FMTC

MTCs associated with FMTC occur later on in life, and the penetrance for MTCs is lower than for MEN2A and MEN2B. FMTC is considered to be a variant of MEN2A with lower penetrance for PHEO and PHPT.

MEN2B

MEN2B is characterised by early onset of aggressive MTCs in all patients if a prophylactic thyroidectomy has not been performed.

PHEOs occur in approximately 50% of patients and are often multiple and bilateral.

MEN2B does not affect the parathyroid glands.

Mucosal neuromas associated with MEN2B may occur starting in infancy or early childhood. The existing characteristic facies is marked by prominent lips with submucosal nodules at the edge of the vermilion border of the lips. In addition, there may be neuromas of the eyelids and thickened corneal nerves.

Furthermore, 75% of MEN2B patients have Marfanoid habitus with kyphoscoliosis or lordosis, lax joints, and minimal subcutaneous fatty tissue.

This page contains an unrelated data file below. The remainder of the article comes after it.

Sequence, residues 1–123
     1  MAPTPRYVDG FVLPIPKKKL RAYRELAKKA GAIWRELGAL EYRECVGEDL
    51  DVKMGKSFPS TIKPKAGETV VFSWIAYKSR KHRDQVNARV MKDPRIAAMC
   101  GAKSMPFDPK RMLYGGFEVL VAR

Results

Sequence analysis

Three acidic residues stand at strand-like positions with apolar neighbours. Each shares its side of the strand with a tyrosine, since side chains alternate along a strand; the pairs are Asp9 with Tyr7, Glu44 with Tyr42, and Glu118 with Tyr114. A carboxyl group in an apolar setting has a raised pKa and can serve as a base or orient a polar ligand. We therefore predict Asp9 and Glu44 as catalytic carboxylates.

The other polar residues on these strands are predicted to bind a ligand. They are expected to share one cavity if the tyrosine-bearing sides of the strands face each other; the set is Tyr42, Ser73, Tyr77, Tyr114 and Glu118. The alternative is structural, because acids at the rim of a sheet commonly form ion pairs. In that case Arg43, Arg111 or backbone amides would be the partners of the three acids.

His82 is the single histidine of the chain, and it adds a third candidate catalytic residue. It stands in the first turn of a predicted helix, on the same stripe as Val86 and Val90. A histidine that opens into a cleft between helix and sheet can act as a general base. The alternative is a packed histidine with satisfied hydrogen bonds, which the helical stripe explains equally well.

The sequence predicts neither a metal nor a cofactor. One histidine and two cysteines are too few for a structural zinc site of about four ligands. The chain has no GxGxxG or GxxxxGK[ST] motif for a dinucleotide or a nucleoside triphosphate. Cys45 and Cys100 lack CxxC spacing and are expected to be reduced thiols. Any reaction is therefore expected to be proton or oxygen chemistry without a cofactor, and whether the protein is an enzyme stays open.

Approximately 40% of those affected have ganglioneuromatosis of the gastrointestinal tract, the symptoms of which usually occur during infancy or early childhood.

Therapeutic Considerations

Medullary Thyroid Carcinoma

  • The standard treatment is a thyroidectomy with a lymphadenectomy (the timing depends on the mutation; see the recommendations for early detection), followed by hormone replacement therapy.

  • If resection is incomplete, supplementary radiotherapy may need to be considered.

  • Kinase inhibitors (vandetanib and cabozantinib) may prevent growth in tumors that cannot be resected or that have metastasized.

Pheochromocytoma

  • Adrenalectomy (prophylactic bilateral adrenalectomy for a unilateral tumor only in exceptional cases)

  • Preoperative alpha-adrenergic blocker for PHEO with catecholamine secretion

Thyroid Adenoma or Hyperplasia

  • Asymptomatic: With close monitoring, no surgical treatment is initially necessary.

  • Symptomatic: Parathyroidectomy; it is preferable to excise the visibly enlarged glands.

  • In the context of a PHEO, an adrenalectomy should be performed prior to the parathyroidectomy.